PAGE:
Indo-Bangladesh relations presently reflect both maturity and political will. Yes, much more requires to be done to take our relationship forward. But we also have to see the present in the context of the past: Only a decade ago, the current scenario of a cooperative framework of the relationship would have seemed impossible. Since then, the long-festering maritime boundary issue has been resolved; the international award favouring Bangladesh accepted gracefully by India. The seemingly ever-lasting land boundary question is behind us. Few note that the apprehensions of large-scale communal movements of peoples simply did not come true; people decided to remain with their land, albeit with a different nationality.
Meanwhile, communications have improved dramatically as also trade and investment. The supply of electricity from India is making a difference to the lives of people in Bangladesh. Above all, Bangladesh has ceased to be a sanctuary for elements inimical to the Indian state.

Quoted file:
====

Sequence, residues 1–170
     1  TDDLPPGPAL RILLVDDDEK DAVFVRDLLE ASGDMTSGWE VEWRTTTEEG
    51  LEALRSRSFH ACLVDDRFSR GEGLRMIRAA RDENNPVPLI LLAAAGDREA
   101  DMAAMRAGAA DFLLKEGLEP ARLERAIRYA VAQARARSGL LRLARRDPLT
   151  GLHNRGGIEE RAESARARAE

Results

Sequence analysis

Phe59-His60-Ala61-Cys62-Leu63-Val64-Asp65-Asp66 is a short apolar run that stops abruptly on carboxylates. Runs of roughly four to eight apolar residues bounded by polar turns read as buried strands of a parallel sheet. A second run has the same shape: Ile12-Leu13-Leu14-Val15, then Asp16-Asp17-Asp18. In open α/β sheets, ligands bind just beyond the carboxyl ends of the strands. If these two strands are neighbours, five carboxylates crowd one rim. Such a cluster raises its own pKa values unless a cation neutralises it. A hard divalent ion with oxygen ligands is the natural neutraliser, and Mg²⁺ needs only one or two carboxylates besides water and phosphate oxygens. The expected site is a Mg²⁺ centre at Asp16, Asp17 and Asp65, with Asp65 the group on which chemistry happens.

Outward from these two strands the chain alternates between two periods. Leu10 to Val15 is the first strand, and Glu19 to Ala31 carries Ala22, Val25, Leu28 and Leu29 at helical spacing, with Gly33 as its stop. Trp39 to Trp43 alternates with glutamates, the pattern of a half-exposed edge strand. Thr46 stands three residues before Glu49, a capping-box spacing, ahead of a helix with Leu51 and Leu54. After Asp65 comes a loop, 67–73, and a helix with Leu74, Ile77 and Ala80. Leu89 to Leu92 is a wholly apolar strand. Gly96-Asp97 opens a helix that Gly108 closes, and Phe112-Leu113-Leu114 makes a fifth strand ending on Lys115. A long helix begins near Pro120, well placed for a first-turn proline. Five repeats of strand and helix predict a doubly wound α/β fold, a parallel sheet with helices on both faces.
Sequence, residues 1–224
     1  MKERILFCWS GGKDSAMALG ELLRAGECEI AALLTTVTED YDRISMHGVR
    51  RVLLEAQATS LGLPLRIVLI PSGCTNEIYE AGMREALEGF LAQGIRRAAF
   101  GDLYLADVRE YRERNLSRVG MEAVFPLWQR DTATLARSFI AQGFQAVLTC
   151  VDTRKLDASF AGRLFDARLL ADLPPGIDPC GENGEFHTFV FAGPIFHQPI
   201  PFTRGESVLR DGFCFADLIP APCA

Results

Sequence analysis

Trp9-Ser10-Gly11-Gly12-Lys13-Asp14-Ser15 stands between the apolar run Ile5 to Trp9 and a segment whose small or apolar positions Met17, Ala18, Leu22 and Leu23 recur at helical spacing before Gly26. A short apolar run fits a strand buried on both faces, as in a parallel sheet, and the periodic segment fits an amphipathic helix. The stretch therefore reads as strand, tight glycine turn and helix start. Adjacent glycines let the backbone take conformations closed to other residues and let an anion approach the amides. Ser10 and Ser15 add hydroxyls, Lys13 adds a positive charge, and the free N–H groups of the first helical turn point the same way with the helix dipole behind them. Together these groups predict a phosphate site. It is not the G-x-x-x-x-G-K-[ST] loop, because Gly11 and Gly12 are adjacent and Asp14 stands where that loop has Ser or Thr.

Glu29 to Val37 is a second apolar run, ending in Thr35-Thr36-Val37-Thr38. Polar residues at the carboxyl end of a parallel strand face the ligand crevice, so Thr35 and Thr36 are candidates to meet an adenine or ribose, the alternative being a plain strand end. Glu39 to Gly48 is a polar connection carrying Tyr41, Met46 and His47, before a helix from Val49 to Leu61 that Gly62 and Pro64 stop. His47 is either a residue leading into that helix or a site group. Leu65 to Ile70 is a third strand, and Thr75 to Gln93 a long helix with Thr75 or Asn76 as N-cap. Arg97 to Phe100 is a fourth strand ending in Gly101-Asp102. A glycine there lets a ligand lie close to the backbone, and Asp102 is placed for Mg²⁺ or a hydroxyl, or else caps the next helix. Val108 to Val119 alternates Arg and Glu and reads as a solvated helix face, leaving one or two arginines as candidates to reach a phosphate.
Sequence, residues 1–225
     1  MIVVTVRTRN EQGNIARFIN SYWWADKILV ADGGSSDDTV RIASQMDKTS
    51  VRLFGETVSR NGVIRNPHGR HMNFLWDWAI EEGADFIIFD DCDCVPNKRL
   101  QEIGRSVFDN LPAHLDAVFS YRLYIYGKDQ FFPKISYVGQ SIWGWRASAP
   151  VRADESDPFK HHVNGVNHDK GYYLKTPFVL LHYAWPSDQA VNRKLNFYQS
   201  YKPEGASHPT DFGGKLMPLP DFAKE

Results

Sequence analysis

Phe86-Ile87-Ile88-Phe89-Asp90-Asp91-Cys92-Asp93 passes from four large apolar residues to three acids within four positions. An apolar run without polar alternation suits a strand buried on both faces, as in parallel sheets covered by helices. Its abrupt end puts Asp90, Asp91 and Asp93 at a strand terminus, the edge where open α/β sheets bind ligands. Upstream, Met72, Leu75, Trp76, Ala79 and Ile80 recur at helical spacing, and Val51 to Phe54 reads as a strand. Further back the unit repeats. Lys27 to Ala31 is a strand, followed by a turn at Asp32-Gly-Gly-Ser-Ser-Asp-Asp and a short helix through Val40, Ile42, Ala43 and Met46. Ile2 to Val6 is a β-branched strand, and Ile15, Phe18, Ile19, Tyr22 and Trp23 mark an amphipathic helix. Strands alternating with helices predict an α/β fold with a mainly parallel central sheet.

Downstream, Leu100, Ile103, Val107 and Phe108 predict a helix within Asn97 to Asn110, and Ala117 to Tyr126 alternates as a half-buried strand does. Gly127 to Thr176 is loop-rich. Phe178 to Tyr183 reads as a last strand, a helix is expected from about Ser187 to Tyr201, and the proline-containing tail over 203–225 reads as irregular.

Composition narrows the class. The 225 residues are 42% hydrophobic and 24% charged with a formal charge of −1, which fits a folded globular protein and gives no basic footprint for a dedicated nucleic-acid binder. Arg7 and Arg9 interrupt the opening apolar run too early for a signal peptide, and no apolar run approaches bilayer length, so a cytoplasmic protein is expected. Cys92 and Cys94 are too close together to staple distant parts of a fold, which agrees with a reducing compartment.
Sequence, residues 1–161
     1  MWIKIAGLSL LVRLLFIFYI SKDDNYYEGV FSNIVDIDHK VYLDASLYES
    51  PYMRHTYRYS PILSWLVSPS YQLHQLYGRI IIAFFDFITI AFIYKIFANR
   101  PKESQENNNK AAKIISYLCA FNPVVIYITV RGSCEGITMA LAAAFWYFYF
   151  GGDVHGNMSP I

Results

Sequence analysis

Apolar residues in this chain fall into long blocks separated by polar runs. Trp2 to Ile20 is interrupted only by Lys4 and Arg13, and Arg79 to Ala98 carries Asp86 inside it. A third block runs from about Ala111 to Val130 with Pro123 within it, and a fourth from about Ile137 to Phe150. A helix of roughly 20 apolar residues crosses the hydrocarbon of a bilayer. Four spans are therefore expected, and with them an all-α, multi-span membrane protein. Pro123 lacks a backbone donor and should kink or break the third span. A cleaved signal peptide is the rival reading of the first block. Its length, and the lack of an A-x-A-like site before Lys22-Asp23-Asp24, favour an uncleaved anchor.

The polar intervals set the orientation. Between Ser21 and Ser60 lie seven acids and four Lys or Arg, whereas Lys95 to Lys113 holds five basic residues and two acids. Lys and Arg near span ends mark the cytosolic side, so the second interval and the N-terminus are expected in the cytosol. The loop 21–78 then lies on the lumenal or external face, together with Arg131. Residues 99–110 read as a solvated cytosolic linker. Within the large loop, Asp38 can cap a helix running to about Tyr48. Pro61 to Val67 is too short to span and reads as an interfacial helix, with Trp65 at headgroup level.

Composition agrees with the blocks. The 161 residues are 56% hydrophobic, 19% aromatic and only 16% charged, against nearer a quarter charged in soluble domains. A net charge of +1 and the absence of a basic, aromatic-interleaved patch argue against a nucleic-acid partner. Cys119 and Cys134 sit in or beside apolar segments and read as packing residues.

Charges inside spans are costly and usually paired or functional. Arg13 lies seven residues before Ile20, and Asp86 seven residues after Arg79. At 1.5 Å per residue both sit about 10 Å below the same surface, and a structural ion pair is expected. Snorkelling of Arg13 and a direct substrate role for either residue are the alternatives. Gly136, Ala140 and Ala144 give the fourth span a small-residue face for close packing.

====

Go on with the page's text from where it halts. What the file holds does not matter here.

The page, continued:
A signal lacuna has been India’s inability to deliver on the sharing of Teesta waters. It is possible that even without an agreement, Bangladesh may be receiving about the same quantity as was envisaged in the discussions. The issue, however, is as much about the quantum of water as Bangladesh’s right to receive it. Not least, a demonstration of India abiding by its commitments. The present chief minister of Bengal may wish to recall that her distinguished predecessor, Jyoti Basu, played a signal role in the resolution of the Farakka Barrage issue two decades ago and earned encomiums from both India and Bangladesh.